Over time, this approach led to a foundational appreciation of my work, and their respect that it “wasn’t just all about me or the organization I represented.” My unsolicited shares demonstrated that I genuinely cared about their [the editor’s] success. At the core, the song from High School Musical is true: We are all in this together. Whether or not you wretch on the example, if we—the contributing members of society don’t care and help one another—we are left without a strong, invested and caring community.

It came down to the dog

Fast forward a few years. The six major media outlets, covering four cities in print and then two for the overall region, eventually came around and every two or three weeks, we had a major profile. This translated to over 600,000 ‘eyeballs’ looking at the positive press. Before and after polls showed that the awareness of, and positive perception of the entity went from single digits to over seventy percent (75%?  some people you’ll never win over).

Despite my near two-year efforts, one particularly tough editor simply wouldn’t cover the organization. I was never sure why this was the case, and I assumed that over time the good of the group be covered. Seven years later, she announced she would eventually relocate to the east coast to care for her ailing mother. I was really bummed. Although my work with the non-profit had ended, we’d continued to have the occasional sushi lunches and I brought her German Shepard dogs homemade treats.

The last day, we had lunch, eating spicy tuna hand rolls, talking about how our relationship had overcome the initial bumps and hurdles. She confessed she hated the former policies of the non-profit, and thought they were hypocritical and prejudiced to other non-profits.  

“Do you know why I finally covered your organization? You asked about me after my dog died. No one else did, not even my family members.”

What I’d done was natural to me and would be to every animal lover. They are our everything.  Ultimately, when she hurt, I hurt, and she knew it.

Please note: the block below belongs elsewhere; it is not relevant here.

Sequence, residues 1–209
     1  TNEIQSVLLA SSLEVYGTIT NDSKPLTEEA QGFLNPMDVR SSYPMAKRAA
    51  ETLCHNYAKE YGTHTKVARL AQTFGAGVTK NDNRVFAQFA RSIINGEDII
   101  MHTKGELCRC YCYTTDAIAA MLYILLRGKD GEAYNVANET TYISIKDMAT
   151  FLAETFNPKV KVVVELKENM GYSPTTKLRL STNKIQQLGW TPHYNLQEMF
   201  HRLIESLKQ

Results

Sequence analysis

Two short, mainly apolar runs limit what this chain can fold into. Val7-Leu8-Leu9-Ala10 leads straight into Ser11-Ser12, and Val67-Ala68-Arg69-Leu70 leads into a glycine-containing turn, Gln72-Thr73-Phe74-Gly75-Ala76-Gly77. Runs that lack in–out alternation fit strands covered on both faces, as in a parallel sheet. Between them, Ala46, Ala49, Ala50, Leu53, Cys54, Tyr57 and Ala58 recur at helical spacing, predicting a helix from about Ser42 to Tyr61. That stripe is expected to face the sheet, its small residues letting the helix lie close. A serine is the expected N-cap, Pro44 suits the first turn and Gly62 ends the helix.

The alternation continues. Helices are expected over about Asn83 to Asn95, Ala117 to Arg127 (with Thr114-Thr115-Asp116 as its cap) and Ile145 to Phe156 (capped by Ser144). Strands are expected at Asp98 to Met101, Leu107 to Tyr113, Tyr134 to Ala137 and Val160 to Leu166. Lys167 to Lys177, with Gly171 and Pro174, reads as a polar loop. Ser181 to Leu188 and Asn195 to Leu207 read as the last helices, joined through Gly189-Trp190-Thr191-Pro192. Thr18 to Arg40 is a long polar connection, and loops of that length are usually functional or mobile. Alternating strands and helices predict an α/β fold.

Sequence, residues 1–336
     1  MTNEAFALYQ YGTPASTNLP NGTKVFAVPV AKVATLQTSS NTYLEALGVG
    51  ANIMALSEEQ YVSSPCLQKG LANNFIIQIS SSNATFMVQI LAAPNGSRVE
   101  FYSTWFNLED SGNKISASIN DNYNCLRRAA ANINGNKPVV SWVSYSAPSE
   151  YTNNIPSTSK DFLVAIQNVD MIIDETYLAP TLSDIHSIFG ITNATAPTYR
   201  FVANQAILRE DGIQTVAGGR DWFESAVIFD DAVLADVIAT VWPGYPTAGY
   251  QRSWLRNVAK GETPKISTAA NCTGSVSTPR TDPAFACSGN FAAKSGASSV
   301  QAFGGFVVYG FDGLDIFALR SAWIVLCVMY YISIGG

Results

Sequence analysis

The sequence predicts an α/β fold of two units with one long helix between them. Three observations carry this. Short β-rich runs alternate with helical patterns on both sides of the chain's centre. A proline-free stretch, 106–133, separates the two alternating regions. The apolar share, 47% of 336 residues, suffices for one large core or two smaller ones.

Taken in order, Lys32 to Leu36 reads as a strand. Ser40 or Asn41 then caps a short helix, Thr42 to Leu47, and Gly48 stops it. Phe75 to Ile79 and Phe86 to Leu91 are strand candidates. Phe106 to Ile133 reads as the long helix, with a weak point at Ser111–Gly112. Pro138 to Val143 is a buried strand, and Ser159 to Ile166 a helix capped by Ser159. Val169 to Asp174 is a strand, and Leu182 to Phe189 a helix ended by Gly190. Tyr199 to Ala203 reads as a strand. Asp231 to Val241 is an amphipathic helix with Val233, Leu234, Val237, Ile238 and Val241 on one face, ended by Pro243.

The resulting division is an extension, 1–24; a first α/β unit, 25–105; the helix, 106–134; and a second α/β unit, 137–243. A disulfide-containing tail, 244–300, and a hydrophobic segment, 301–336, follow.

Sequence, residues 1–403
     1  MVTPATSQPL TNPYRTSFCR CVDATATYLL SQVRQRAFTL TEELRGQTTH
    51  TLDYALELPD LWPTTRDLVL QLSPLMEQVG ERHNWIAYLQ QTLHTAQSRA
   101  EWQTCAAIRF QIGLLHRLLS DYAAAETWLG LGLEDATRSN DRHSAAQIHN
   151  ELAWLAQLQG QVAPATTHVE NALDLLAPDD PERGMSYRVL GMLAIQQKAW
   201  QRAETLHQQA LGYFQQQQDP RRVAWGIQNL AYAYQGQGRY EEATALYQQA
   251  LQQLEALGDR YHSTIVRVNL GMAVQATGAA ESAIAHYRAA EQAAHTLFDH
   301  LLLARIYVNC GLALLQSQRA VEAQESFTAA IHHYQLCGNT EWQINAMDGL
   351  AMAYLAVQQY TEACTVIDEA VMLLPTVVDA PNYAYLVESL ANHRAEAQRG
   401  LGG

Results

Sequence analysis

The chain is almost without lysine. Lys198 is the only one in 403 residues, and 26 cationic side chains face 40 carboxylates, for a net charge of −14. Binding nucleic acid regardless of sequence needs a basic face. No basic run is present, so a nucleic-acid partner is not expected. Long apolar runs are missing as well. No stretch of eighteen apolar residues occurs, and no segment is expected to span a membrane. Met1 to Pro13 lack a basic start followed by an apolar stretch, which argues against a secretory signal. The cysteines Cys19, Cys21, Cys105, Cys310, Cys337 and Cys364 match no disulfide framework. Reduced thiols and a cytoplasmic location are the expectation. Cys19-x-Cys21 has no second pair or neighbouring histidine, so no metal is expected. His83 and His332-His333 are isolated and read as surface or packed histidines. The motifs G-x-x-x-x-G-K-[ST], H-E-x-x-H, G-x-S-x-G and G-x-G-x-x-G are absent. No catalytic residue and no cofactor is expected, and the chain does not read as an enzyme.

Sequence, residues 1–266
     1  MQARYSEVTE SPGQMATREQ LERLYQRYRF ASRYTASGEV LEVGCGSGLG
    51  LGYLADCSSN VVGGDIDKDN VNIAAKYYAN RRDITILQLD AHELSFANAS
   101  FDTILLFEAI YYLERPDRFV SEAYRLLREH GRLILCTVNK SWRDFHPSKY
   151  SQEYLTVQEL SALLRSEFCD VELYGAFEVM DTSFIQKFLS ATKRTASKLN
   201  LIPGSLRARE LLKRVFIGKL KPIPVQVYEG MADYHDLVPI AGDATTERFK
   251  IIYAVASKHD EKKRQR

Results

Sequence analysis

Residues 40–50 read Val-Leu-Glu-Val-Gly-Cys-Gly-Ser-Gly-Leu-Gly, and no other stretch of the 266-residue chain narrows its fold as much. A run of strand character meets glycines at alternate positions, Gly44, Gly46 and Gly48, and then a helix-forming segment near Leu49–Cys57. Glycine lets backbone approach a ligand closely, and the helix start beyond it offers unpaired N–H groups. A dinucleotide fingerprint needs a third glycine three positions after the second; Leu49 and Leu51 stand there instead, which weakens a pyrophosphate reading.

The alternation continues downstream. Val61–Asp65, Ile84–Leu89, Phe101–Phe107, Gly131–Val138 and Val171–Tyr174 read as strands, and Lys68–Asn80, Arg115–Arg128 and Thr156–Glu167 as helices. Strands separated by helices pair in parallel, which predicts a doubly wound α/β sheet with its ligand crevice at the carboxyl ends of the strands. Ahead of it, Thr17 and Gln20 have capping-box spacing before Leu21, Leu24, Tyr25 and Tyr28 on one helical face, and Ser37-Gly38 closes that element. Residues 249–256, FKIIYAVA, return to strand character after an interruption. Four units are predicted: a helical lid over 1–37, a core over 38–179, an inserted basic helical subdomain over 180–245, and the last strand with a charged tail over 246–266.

Our relationship with deity is not transactional

In a talk by D. Todd Christofferson, he used this slot-machine mentality in the context of our relationship to God, wherein a person has this “if-this-then-that,” approach. Ergo, if I am a ‘good person,’ my marriage won’t end in divorce. Or, if I give to charity then my business will be a success. If that were the case, as I’m paraphrasing here, then the decrements of our life should also hold true. The reason my car was sideswiped was because of my dishonesty at work.

Not all actions are going to cause a reaction that we desire. Not all books are bestsellers, not all articles are positive and not all relationships work, despite the amount of effort, devotion and love given. Even so, the forward momentum, pushed along by the engine of desire while being directionally correct continues, regardless of the immediate outcome. That’s the long-term approach, with man or with God. Evolving from the immediate impact, such as making the media page, selling the car or dropping off the cake to the neighbor transitions to caring, giving or and loving, the emotion which inspired the act, rather than the act itself. As the phrase goes, it’s not about what was said, but how you made the person feel. 

Returning to the successful executive and the editor, both individuals have been in my life for nearly fifteen years now. I’ve never physically met the businessman and haven’t seen the editor for six years now (and running), but it’s irrelevant. What’s in the heart has transcended proximity and time.